The coil of a moving coil galvanometer is wound over metallic frame to provide electromagnetic damping so it becomes dead beat galvanometer.
The small angle between magnetic axis and geographic axis at a place is:
Correct option is Magnetic declination or Angle of declination. It is the small angle between geographic axis and magnetic axis.
The horizontal component of earth’s magnetic field at a place is 3 times the vertical component. The angle of dip at that place is:
Target law, BV = BH tanδ
tanδ = BV / BH
Given BH = √3BV
tanδ = BV / √3BV = 1/√3
δ = 30° or π / 6 radians.
A conducting square loop of side 'L' and resistance 'R' moves in its plane with the uniform velocity 'v' perpendicular to one of its sides. A magnetic induction 'B' constant in time and space pointing perpendicular and into the plane of the loop exists everywhere as shown in the figure. The current induced in the loop is:
Current induced is I = e/R
Now e = dφ/dt
But there is no change of flux with time, as B',A' and θ all remain constant with time.
∴ No current is induced.
Two coils are placed close to each other. The mutual inductance of the pair of coils depends upon the:
Mutual inductance of a pair of two coils depends on the relative position and orientation of two coils.
Which of the following graphs represent the variation of current(I) with frequency (f) in an AC circuit containing a pure capacitor?
I = V / X_{C } in pure capacitor
=
The magnetic flux linked with the coil (in Weber) is given by the equation:
φ = 5t^{2} + 3t + 16 The induced EMF in the coil at time, t = 4 will be:
φ = 5t^{2} + 3t + 16
e = dφ/dt
= d/dt(5t^{2} + 3t + 16)
= 10t + 3
e_{t=4} = 10(4) + 3 = 43 V
e =  43 Volts
The instantaneous values of emf and the current in a series ac circuit are: E = E_{o} sin ωt and I = I_{o} sin (ωt + π/3) respectively, then it is
E = E_{o} sin ωt
I =
as I can lead the voltage in RC and LCR circuit, so it can be RC or LCR circuit.
A 20 volt AC is applied to a circuit consisting of a resistance and a coil with negligible resistance. If the voltage across the resistance is 12 volt, the voltage across the coil is:
V_{R} = Effective voltage across R
∴ V_{R} = I_{eff} R
V_{L} = Effective voltage across L
V_{L} = I_{eff} × L
Net V =
=
20 =
(20)^{2 }= (12)^{2} + V_{L}^{2}
400 = 144 + V_{L}^{2}
V_{L} = √400  144 = √266 = 16 volts
Electrostatic force between two charged particles in air is F. If charges are placed at the same distance in brass, what will be the force?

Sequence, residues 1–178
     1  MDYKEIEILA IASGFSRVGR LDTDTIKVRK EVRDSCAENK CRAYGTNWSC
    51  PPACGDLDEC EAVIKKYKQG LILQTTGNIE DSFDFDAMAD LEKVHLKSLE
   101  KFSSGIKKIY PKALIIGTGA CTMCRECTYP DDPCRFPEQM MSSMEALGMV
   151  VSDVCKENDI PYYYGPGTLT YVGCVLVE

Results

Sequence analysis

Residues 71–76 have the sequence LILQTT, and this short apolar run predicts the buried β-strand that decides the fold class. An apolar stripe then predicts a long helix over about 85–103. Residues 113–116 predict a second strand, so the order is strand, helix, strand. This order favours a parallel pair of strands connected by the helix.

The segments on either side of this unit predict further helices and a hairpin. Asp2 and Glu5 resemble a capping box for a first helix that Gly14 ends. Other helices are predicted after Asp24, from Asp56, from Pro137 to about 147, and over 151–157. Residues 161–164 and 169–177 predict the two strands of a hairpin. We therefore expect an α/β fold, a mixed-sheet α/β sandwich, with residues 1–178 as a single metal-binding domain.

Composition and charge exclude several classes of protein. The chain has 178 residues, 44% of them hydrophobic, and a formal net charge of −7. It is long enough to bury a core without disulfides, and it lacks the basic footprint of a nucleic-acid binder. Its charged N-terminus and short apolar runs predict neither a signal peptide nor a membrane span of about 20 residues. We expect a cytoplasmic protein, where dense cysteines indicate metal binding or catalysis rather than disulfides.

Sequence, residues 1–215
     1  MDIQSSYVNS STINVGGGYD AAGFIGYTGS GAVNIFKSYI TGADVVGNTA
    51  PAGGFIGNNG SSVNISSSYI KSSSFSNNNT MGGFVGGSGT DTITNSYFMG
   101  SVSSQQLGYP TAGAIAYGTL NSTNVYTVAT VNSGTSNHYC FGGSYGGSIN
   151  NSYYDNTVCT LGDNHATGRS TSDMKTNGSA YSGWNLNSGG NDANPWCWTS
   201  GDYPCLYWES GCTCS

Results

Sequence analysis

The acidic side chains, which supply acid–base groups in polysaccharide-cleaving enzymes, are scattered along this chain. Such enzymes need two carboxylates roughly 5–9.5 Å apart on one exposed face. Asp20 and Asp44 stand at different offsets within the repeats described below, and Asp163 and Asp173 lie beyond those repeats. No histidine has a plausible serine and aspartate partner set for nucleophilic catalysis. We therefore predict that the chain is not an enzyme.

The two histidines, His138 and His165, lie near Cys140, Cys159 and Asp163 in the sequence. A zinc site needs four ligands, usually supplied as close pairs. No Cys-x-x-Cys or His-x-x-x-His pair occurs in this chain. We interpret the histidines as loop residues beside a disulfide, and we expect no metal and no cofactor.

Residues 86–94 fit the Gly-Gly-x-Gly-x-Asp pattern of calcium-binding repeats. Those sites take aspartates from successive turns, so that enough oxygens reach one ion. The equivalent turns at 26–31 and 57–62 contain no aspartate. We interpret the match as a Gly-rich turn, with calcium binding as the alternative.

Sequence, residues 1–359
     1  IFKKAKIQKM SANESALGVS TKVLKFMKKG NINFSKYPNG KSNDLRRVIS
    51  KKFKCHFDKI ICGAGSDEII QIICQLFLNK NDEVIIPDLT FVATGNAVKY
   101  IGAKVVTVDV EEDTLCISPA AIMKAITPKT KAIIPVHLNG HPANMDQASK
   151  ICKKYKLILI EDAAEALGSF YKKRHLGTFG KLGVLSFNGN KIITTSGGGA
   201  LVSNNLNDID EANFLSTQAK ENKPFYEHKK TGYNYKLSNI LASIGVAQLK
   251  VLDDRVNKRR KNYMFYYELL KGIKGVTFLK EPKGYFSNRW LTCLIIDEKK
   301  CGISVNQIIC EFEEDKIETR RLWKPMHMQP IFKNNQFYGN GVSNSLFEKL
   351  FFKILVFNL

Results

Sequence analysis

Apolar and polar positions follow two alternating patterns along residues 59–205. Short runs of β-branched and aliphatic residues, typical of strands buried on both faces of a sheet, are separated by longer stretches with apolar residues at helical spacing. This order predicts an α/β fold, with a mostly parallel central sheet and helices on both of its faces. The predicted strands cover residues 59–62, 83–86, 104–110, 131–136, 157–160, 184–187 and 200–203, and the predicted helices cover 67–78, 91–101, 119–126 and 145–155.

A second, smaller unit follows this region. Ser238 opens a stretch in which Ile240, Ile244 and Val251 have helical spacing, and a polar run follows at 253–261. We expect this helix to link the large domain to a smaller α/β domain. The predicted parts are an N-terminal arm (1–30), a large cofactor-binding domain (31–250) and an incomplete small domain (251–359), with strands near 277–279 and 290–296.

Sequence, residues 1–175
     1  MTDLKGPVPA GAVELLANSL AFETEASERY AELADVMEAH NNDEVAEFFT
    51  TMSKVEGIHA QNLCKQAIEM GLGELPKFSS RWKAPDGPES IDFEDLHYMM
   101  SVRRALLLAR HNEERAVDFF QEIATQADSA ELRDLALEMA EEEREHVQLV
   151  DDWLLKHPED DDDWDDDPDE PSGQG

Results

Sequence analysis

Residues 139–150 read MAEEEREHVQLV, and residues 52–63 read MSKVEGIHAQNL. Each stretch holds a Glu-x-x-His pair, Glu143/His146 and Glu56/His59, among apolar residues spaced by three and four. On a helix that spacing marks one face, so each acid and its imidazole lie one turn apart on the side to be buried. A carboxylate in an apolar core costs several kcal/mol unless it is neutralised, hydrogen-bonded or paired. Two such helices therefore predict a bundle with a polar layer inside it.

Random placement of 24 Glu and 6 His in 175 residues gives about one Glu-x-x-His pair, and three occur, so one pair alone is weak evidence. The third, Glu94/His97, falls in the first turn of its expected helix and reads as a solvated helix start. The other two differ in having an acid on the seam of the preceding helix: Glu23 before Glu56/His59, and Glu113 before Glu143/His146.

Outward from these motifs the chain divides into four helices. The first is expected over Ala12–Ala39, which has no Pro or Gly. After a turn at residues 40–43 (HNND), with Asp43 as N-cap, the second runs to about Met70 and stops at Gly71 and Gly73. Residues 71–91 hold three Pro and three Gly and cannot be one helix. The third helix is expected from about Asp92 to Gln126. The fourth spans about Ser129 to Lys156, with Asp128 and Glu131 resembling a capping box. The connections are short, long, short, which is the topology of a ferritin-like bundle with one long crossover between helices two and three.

Since, dielectric constant of metal is ∞. The electric force between the charges in any medium is given by
⇒ F_{m} = F/∞
⇒ Fm = 0
If the electric field is . Electric flux through a surface area 10 units lying in XY plane is
Direction of area element is normal to XY plane, i.e., z axis. Therefore, . Now, using the relationship between electric flux f and electric field
= 40 units
Work done in moving an electron from one point to another on an equipotential surface of 10 Volt potential
The potential difference between two points of equipotential surface i.e.
V2  V1 = 0 = W/q ⇒ W = 0
Therefore, no work done is done in moving a charge from one point to another on an equipotential surface.
Electric potential at a point (x, y, z) in vacuum is V = 3x^{2} volt. Find the electric field intensity at the point (1m, 2m, 3m) .
We know that
Here x = 1 m
Hence, E = 6 V/m.
Two copper wires of same length, having different crosssectional area in the ratio 1:3, are connected in series. The ratio of their drift velocities v_{d} will be
Since, two copper wires are connected in series, current i flow through them is same. Both wires are made of same material, so n_{1} = n_{2}
As, i = neAv_{d}
⇒
⇒
⇒
When A wire of resistance 12 R is bent to form a circle. The effective resistance across its diameter is
Given that resistance of wire 12 Ω. It is bent and form circle, then resistance f each semicircle is 6 Ω. Now, measuring the resistance across its diameter, these two resistances are in parallel. Their effective resistance
=3R
Two heaters A (500 W, 220 V) and B (1000 W, 220 V) are connected in parallel to 220 V. Which heater produces more heat
As P = V x i = i^{2} R = V^{2}/R
R for heater A
R_{A }= V^{2}/P = (200)^{2} /500 = 96.8Ω
R for heater B
R_{B} = V^{2}/P = (200)2 /1000 = 48.4Ω
⇒ R_{A} >R_{B}